Recently, a friend of mine bought a house and learned the hard way that owning a home means taking on a world of unplanned expenses. Thanks to a string of immediate home repairs, she found herself in a situation where she needed to finance a furniture purchase or otherwise potentially spend her first few months in her new home without a kitchen table. (She actually does have some money in savings she can tap, but she wants to reserve that cash for emergencies.)
Right before buying her home, my friend decided to apply for a credit card with a 0% introductory financing offer. She then used her new card to cover the cost of her furniture. Since she gets an 18-month reprieve on paying interest and she saves money from each paycheck she receives, there’s a very good chance her balance will be paid off in full by the time her introductory period comes to an end.
But not everyone is in a position to pay off debt so quickly. And that’s why you need to be careful with 0% introductory credit card offers – especially these days, with interest rates rising.
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Don’t get stuck paying more
The appeal of the 0% introductory rate is simple, because it’s basically a free pass to pay no interest for a certain period of time. You may decide to take advantage of one of these offers if money is tight right now but you’re expecting a near-term windfall (like a bonus at work or tax refund). Or, you may decide to use a 0% introductory rate credit card for purchases you can pay for out of savings so you can leave your money alone and let it earn interest.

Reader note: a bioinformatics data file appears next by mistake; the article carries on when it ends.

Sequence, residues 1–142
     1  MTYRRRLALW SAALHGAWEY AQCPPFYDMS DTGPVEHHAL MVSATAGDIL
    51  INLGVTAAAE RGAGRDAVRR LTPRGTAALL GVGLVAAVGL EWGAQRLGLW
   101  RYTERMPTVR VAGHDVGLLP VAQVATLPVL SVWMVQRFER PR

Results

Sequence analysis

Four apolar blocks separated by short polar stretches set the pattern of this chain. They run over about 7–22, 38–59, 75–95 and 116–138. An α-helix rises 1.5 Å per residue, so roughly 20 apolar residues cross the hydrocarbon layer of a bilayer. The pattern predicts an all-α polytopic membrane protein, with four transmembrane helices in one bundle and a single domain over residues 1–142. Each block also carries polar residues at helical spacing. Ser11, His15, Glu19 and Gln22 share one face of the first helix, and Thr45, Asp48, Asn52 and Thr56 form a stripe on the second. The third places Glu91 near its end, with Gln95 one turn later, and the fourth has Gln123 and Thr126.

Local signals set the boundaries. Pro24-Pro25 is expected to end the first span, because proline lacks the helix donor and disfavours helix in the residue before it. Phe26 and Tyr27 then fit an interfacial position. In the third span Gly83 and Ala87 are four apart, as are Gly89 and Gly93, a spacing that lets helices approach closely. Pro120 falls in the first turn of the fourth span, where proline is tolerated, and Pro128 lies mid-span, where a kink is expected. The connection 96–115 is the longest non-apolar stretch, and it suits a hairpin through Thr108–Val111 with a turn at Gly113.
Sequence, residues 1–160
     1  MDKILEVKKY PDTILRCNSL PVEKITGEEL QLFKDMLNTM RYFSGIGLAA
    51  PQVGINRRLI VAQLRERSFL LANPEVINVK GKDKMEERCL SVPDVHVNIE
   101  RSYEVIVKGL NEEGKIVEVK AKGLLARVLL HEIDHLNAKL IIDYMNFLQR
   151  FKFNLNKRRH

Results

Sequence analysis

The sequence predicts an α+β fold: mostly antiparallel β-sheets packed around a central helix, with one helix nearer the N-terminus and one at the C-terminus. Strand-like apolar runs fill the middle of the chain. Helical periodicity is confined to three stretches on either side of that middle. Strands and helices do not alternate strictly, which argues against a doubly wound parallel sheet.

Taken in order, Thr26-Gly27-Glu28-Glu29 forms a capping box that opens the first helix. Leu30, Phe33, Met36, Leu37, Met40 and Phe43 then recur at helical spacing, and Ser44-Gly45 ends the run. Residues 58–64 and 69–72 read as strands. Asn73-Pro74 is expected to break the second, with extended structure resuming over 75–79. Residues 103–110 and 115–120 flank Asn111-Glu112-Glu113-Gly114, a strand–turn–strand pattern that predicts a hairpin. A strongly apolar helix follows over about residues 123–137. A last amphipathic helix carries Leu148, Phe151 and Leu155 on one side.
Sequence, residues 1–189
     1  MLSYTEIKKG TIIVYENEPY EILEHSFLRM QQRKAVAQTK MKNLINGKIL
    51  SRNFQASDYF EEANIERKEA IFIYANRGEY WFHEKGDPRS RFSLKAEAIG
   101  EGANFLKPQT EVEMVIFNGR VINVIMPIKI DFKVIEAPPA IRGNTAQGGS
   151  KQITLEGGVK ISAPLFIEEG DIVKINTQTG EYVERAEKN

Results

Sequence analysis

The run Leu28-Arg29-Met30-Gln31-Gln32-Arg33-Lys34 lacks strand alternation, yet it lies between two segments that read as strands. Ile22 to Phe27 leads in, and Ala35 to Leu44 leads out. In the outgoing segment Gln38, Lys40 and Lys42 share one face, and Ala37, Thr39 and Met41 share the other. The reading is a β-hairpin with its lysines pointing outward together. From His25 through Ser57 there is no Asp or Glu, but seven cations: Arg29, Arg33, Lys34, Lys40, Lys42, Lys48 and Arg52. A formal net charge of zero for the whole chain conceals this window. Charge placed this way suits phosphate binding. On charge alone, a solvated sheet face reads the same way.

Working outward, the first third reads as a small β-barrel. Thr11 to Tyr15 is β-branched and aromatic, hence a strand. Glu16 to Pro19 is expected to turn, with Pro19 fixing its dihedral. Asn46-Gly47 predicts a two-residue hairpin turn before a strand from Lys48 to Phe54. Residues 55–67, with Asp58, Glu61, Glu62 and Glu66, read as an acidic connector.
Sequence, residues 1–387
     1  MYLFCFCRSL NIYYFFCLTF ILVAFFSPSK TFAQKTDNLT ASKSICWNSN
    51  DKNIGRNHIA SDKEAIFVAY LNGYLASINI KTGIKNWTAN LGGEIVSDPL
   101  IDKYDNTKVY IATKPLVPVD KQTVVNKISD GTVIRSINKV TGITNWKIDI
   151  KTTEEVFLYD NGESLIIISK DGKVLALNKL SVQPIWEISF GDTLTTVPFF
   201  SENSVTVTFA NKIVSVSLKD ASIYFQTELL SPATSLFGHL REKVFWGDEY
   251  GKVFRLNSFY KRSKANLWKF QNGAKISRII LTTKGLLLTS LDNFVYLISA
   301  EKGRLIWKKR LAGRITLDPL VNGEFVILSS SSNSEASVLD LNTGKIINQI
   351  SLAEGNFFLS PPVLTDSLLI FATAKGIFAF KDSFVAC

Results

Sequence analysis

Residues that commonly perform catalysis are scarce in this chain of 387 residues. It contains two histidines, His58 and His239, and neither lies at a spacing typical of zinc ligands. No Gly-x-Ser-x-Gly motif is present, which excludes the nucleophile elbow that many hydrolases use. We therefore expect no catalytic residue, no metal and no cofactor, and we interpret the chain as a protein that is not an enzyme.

However, while jumping on a 0% financing offer may be a good move for some people, for others, it can be a dangerous thing – namely, because you could easily get stuck with high interest charges in the event that you don’t pay down your balance before your introductory period comes to an end. In fact, you may find that the interest rate you face on a card with a 0% introductory offer is higher than the interest rate on your other credit cards.
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Furthermore, credit card interest rates are currently on the rise due to the Federal Reserve raising interest rates. And so if you charge expenses on a 0% introductory rate card and you don’t pay your balance off in full by the time that intro period expires, you could really wind up losing a lot of money to interest over time.
Don’t get in over your head
A 0% introductory offer might seem tempting. But resist the urge to finance a purchase at 0% interest unless it’s really necessary.
In my friend’s case, she charged her expenses on a credit card because she wanted to maintain better cash flow, and because she knows she commonly saves enough money each month to pay off her balance before her 0% APR period wraps up. But if you can’t say the same, then it’s best to steer clear of these offers, enticing as they might be.
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